Chilkat Valley News - Serving Haines and Klukwan, Alaska since 1966

 
 

Harbor grapples with confusing fuel prices

 

July 7, 2011



By Margaret Friedenauer

Haines and Skagway - only 13 miles of water separate the two towns, but they are a world apart in gas prices.

Or are they?

Rumor on the street - and the docks - is that Skagway harbor has been offering much cheaper diesel and gas prices than Haines during the height of commercial fishing and tourism season. But a quick comparison shows that Haines fuel is actually on par with Skagway prices, at least at the moment.

Prices this week in Haines through Delta Western Inc ., are $4.50 a gallon for gas and $4.60 for diesel, including all taxes. Prices through Petro Marine Services in Skagway are $4.46 for diesel and $4.56 for super gasoline with tax.

"We’re actually in league with Skagway," said Haines Harbormaster Ed Barrett. "Word gets around that we’re charging a lot more than Skagway is and that’s just not so."

The confusion comes in part because Petro Marine in Skagway does not always include taxes in the prices it quotes.

But confusion also comes from the recent turnover of fueling operations at the Haines harbor. Fuel supplier Delta Western had for years staffed the marine fuel dock. About two months ago they told Haines Borough it was making a "business decision" to quit providing that staff, according to borough manager Mark Earnest. He said Delta Western gave no particular reason for the decision.

Delta Western executives in Anchorage referred questions to Delta Western President Amy Humphreys in Seattle, who refused to comment on the subject, or any other issues with the borough, saying all dealings are "private" or "non-issues."

But the sudden turnover of operations to the borough requires harbor personnel to become quick studies on the fuel market, Barrett admits.

"We’re still trying to figure out what the margins are and we don’t know what the costs are for cost recovery yet," he said. "We’ve been doing this a month and don’t know what the market fluctuations are."

Barrett said also that Haines fuel may occasionally be a few cents higher than Petro Marine because there is disagreement between the borough and Delta Western over federal highway taxes. Delta Western insists the borough must charge the federal highway excise tax. Barrett said the borough has tried convincing Delta Western that the fuel is for marine use only, but to no avail.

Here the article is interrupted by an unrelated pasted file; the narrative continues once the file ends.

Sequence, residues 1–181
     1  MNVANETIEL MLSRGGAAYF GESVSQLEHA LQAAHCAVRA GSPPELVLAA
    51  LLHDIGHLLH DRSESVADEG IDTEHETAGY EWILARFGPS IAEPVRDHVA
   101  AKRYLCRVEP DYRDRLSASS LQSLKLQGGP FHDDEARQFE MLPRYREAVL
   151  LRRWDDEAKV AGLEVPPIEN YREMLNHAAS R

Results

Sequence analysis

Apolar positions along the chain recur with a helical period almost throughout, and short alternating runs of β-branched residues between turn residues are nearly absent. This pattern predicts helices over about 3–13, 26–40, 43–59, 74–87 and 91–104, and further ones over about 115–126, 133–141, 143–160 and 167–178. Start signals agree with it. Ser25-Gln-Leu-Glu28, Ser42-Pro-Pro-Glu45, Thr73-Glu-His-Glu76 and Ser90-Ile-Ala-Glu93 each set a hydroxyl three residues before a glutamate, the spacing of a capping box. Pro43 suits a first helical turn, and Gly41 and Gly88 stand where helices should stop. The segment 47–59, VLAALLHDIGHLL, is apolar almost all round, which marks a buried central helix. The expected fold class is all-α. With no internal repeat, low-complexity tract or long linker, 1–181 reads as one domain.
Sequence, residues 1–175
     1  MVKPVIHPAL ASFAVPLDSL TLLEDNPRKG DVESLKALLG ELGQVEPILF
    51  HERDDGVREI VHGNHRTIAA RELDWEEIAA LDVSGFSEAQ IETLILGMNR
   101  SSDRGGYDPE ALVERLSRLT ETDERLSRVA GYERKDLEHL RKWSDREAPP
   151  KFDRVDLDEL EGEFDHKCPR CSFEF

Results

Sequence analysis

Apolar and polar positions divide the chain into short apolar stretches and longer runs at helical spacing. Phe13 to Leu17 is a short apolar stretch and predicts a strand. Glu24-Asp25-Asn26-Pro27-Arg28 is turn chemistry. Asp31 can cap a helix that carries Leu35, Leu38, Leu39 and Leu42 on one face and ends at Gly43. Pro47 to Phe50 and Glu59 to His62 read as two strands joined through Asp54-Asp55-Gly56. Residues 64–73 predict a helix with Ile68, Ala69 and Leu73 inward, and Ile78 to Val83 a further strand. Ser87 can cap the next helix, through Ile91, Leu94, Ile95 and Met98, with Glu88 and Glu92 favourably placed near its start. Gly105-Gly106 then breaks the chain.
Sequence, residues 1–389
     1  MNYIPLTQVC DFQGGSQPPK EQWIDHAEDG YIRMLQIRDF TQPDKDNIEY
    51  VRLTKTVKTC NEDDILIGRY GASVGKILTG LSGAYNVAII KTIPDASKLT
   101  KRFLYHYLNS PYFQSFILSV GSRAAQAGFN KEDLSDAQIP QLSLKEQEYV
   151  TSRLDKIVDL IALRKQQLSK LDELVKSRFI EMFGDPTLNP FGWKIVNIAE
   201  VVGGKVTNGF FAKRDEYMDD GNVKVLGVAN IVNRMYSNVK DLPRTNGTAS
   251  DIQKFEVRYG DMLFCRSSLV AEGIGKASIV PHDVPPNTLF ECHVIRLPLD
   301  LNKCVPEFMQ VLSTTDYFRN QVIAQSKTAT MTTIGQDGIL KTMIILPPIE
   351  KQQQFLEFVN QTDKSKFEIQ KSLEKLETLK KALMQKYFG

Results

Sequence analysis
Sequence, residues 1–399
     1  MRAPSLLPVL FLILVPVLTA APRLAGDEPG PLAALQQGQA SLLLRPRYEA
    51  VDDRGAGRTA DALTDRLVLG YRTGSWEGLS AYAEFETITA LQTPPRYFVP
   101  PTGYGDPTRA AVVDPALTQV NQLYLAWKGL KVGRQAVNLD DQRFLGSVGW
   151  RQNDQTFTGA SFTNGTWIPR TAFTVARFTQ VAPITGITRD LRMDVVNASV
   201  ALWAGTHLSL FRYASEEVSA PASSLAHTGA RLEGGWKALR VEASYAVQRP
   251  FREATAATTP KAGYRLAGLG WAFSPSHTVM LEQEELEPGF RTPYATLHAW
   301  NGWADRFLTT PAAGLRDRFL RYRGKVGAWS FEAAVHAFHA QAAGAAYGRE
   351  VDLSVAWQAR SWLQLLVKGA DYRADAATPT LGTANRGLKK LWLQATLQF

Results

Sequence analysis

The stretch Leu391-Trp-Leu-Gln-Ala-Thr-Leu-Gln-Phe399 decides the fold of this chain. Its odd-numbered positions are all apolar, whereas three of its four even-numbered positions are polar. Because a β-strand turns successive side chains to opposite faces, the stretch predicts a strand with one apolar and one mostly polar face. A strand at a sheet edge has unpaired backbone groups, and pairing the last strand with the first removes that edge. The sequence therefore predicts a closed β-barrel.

"We were told by Delta Western that we would not be able to escape that tax under their umbrella," Barrett said.

Tim Cochran, plant manager for Petro Marine in Skagway, said the company does not charge the highway excise tax on their fuel, simply because it’s not supposed to be charged on any marine fuel. The company imposes other taxes on its fuel, including a Skagway municipality float fee for bringing fuel over the dock. But Cochran said he believes Petro Marine fuel is routinely less expensive than Delta Western fuel in Haines.

"We’ve been as much as $1.25 cheaper just last year," Cochran said. He mentioned that some Haines fishing boats fuel in Skagway, as does the Haines to Skagway fast ferry.

Cochran mentioned also that Petro Marine does not charge sales tax on heating fuel. He said he routinely gets Haines residents bringing 55-gallon drums to Skagway by boat to fill up on heating fuel. Petro Marine heating fuel prices this week are $4.38 a gallon for No. 1 fuel and $4.28 for No. 2. The price through Delta Western in Haines this week is $4.50 for No. 1 and $4.48 for No. 2.

The borough is advertising a request for proposals for the harbor fueling operation, hoping a private entity will want to run and staff it. But Barrett said there has not been any interest yet.

"It might be difficult because the only time we really sell fuel is within the magical 110 days," Barrett said, referring to the commercial fishing and tourism seasons. The contract for the fuel operations would be year-round.

Petro Marine spokesperson Smokey Norton in Anchorage said the company hadn’t known about the request for proposals until the Chilkat Valley News called asking if the company was considering submitting a proposal.